To help allay misfueling concerns, EPA is proposing new label requirements that would be slapped on pumps to warn consumers about which vehicles are eligible to use the ethanol blend, but industry groups fear that the warning will largely go ignored or may still be unclear.
Growth Energy, which first sought permission for the higher blends, played down misfueling concerns on a call with reporters yesterday.
"This is not the first fueling change our country has gone through," said Growth Energy CEO Tom Buis. The nation moved from leaded to unleaded fuel, and is able to manage with two different types of diesel on the market used by different vehicle model years. "I'm confident we can make this change, as well," he said.
"EPA is not requiring the use of E15," McCarthy said. After the agency reviewed DOE's testing on the emissions and engine durability of the E15 blends on the new vehicles, the agency wanted to issue a decision as soon as possible, she said. "The law requires us to respond fairly expeditiously," she said.
"This decision is about allowing gasoline blended with ethanol by the appropriate vehicles to be used where and when E15 becomes available," she said.
A 'flood' that looks more like a trickle
Ethanol groups say that many states will still have to pass regulatory changes and review public health information before tapping the fuel. Still, Growth Energy believes that E15 may start trickling into the market as soon as February. That movement, however, depends entirely on decisions at the state, local and retail levels.
American Petroleum Institute spokesman Prentiss Searles said that he worries not enough testing had been done to approve the E15 blend at all. "EPA really doesn't have any reason to make the decision today. They could make it in July of next year and have a lot more research done," he said, referencing studies that are currently being conducted by API and auto manufacturers to gauge the impacts of the blend. "What EPA's decision has done is opened a floodgate you really can't shut," he said.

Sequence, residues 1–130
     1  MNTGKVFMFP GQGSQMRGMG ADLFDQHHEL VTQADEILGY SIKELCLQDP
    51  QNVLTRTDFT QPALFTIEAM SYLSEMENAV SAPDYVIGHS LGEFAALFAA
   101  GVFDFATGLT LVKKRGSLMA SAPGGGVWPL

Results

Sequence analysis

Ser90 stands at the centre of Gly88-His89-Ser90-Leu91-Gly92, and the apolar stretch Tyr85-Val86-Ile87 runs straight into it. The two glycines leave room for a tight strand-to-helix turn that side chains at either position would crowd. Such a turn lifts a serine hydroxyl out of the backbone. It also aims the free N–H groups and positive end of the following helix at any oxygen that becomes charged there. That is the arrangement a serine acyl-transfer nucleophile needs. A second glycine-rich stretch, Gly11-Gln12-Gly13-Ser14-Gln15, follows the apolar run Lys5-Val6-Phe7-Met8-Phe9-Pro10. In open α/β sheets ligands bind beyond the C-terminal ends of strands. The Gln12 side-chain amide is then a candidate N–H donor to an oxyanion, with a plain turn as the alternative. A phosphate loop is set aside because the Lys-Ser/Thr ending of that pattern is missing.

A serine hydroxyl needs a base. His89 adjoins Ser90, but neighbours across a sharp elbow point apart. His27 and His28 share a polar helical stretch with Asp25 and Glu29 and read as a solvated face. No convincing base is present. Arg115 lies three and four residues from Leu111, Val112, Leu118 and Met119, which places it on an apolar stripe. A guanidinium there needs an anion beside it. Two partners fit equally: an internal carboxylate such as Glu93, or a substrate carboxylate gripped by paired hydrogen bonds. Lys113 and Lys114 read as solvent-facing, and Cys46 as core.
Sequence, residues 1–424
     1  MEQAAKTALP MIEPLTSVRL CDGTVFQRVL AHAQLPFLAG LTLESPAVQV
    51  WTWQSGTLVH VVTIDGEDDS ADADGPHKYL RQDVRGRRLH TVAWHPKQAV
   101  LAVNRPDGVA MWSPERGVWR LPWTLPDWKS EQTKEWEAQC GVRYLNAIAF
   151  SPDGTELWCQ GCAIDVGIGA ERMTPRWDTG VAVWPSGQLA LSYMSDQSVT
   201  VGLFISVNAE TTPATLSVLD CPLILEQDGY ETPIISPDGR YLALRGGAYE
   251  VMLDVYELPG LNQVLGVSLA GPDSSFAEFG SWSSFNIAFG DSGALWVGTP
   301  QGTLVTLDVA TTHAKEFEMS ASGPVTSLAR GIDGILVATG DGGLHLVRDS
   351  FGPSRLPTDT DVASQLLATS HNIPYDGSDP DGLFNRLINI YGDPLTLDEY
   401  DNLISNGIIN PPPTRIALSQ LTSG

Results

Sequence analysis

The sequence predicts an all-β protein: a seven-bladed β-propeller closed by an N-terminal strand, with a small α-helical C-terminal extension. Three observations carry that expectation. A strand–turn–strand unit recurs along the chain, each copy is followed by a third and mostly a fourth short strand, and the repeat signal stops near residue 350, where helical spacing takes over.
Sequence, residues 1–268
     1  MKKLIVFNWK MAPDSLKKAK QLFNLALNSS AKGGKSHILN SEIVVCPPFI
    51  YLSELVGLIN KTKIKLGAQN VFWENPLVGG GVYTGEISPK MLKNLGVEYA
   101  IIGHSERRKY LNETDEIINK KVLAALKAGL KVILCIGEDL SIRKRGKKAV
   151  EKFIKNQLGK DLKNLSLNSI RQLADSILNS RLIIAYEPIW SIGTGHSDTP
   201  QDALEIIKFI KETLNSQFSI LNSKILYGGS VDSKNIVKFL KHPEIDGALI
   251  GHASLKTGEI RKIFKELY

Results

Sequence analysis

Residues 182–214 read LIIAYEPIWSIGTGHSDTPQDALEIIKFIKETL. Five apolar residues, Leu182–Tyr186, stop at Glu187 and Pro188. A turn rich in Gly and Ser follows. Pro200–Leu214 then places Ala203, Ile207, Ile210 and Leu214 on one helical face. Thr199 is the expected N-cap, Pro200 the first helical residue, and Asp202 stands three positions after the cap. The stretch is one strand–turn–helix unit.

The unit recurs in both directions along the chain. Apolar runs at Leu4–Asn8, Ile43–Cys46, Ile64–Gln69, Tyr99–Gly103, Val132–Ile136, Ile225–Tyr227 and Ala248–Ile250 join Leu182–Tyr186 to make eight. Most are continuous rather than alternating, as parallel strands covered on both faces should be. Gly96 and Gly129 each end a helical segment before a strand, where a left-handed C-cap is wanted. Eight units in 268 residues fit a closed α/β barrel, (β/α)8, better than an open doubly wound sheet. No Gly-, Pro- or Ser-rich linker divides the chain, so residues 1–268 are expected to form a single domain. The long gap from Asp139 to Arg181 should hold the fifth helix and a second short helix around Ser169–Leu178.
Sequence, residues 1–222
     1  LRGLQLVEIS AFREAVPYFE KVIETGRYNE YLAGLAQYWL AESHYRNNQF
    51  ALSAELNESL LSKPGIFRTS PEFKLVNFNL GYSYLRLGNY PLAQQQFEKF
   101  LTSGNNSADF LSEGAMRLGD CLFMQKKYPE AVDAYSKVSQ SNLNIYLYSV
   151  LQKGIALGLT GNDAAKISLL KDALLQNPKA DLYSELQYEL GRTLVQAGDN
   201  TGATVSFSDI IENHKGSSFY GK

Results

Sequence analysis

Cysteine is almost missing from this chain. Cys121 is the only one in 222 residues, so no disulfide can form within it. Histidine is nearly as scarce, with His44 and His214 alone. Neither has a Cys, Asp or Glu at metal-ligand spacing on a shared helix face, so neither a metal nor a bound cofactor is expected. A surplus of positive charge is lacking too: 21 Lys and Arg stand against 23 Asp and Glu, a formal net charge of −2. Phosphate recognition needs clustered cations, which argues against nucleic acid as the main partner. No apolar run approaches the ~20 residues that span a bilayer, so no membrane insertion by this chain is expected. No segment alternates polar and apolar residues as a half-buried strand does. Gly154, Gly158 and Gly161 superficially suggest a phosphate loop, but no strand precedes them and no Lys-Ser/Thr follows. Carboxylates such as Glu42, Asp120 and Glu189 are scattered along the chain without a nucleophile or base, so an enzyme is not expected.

"The EPA's decision is premature and irresponsible," said Kate McMahon, biofuels campaign coordinator at Friends of the Earth. "The agency has yet to conclude comprehensive scientific testing on the long-term engine safety and pollution impacts of increased ethanol in gasoline -- period," she said in a statement.
While the EPA decision would only allow for 5 percent more ethanol than the E10 version, it amounts to a 50 percent increase in renewable fuels.
That boost is crucial for helping the nation reach its renewable fuel goals, ethanol advocates say. Congress has mandated that refiners produce 36 billion gallons of alternative fuel by 2022, and 15 billion gallons of that requirement will be met with ethanol.
"I will say indeed this decision was a step in the direction of allowing more renewable fuels into the market," McCarthy said. "It is by no means an assurance that it will happen quickly, and frankly, that's not what EPA's job is."
Reprinted from Climatewire with permission from Environment & Energy Publishing, LLC. www.eenews.net, 202-628-6500